Ania (Lilith Stangenberg) lives a quiet life. Her sister (Saskia Rosendahl) just moved out, leaving her the apartment for herself. Apart from her boss’ (Georg Friedrich) temper, things at work are calm as well. But then Ania sees a wolf in the small patch of forest next to her apartment building and she becomes obsessed with capturing it.
Wild is a strange film, but in the best sense. It’s open to a lot of interpretation, although to me it clearly tells the story of a woman who discovers and falls in love with her own wild side. And we could stand more films of that kind.
Wolves are, of course, highly symbolic animals with a lot of meaning attached to them, at least in Western cultures. From the Big Bad Wolf of fairy tales to Dances with Wolves, there is a certain fascination in the relationship between humans and wolves that is hard to deny. (I should know, I have a wolf’s paw print tattooed on my wrist after all.) With her film, Krebitz taps right into that metaphoric potential.
Once Ania has spotted the wolf in basically her own backyard, she can’t get away from it. First she simply tries to feed it, but she can’t stand it being there but not with her. So she decides to capture it. But a wolf is not a pet, and she may be able to lock it in her apartment, but she can’t possibly contain it. Nevertheless, the two of them grow closer and as they do, Ania grows wilder herself. And that brings her into conflict with her environment that so far has only seen her as the meek and obedient girl.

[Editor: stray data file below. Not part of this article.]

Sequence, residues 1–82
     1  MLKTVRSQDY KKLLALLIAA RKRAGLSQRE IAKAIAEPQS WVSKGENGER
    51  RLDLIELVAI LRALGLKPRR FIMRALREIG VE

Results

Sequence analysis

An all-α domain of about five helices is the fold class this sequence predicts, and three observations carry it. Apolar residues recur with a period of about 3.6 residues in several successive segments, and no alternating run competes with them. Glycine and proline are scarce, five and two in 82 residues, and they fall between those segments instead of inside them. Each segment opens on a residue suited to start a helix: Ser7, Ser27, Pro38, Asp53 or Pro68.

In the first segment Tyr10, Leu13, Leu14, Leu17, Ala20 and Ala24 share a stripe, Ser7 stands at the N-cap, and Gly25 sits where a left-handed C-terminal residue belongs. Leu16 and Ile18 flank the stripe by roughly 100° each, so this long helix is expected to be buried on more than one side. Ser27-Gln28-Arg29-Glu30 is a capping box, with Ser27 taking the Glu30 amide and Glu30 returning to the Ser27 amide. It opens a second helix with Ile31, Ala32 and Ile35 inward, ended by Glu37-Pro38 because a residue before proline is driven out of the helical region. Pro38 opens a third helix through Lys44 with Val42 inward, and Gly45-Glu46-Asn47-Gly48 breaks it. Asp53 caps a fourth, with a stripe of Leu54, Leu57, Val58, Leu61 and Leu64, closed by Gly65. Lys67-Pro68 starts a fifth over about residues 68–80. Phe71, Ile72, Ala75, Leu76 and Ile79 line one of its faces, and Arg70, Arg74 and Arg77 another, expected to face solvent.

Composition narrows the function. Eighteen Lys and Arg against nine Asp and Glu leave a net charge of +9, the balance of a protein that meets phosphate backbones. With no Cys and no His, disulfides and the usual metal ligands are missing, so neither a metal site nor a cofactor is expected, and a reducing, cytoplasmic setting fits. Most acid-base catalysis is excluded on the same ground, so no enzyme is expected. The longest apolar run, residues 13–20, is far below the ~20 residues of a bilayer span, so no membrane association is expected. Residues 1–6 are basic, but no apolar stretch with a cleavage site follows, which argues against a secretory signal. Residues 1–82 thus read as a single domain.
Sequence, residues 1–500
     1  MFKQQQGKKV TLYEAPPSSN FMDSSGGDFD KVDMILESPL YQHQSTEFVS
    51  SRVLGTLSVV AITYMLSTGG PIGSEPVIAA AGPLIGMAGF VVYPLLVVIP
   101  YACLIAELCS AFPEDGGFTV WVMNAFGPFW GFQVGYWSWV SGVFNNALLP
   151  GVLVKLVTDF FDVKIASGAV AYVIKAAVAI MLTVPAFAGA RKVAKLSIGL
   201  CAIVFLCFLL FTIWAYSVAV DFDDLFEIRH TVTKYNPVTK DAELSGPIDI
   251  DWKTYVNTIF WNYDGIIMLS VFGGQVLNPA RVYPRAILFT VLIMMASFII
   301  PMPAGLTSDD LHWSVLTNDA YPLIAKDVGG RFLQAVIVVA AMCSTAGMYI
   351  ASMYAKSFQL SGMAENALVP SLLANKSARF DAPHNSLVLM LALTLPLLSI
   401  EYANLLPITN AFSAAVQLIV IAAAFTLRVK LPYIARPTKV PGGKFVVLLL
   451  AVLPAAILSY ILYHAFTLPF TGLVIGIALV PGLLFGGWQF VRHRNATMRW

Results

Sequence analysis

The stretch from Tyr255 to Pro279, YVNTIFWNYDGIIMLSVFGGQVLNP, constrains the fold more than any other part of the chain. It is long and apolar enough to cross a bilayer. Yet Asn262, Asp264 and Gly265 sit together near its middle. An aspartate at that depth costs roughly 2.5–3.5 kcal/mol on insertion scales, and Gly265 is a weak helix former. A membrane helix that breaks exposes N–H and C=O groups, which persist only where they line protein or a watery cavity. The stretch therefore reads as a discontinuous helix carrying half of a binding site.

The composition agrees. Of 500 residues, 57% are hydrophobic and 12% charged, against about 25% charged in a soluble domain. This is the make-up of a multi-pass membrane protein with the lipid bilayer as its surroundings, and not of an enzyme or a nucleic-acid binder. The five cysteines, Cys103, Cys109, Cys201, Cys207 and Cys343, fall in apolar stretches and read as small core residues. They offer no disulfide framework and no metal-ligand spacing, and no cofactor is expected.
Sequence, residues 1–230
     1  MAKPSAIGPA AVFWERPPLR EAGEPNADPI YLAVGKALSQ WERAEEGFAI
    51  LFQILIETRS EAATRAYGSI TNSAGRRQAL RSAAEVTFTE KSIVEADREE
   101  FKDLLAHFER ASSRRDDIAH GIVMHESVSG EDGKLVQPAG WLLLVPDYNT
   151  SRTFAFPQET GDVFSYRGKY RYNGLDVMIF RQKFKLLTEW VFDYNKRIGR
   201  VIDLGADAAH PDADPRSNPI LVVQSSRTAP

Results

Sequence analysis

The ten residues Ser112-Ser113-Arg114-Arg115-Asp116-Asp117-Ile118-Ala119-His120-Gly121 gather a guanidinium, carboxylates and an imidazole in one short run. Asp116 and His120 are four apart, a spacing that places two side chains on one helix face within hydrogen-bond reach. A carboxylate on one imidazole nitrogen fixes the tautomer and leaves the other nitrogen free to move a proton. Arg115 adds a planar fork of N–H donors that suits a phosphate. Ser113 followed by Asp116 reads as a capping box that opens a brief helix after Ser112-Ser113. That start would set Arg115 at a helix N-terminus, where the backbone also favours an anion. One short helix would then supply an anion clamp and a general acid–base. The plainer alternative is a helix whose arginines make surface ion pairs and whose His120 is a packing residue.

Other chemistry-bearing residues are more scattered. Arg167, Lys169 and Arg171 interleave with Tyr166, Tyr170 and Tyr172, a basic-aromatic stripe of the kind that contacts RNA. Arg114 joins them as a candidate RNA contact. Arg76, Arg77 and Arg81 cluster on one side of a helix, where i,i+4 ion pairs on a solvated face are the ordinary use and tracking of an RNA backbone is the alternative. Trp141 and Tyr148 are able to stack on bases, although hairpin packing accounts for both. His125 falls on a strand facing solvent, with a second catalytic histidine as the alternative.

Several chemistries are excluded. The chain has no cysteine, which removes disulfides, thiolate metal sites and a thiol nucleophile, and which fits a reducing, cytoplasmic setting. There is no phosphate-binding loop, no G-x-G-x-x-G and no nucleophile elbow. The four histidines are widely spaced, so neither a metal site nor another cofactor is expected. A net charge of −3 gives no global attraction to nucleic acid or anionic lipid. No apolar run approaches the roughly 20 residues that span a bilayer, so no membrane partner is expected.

This is all culminates in a moment of love that changes to a sex scene between Ania and the wolf that seamlessly transitions into an act of masturbation that seems designed to mark a territory. It’s a scene that goes through so many taboos so fast that they barely register – what is left is one of the most beautiful, softest and strangest celebrations of sex and (self-)love I have ever seen, perfectly scored with James Blake’s Retrograde. Ania’s freshly discovered love for herself and her wildness comes with rebellion – and you can’t help but rebel along with her.
It’s definitely a film that deserves a lot closer examination than a single viewing could possibly provide. But even with a single viewing there’s a quiet power to the film as much as to Ania that left me enchanted.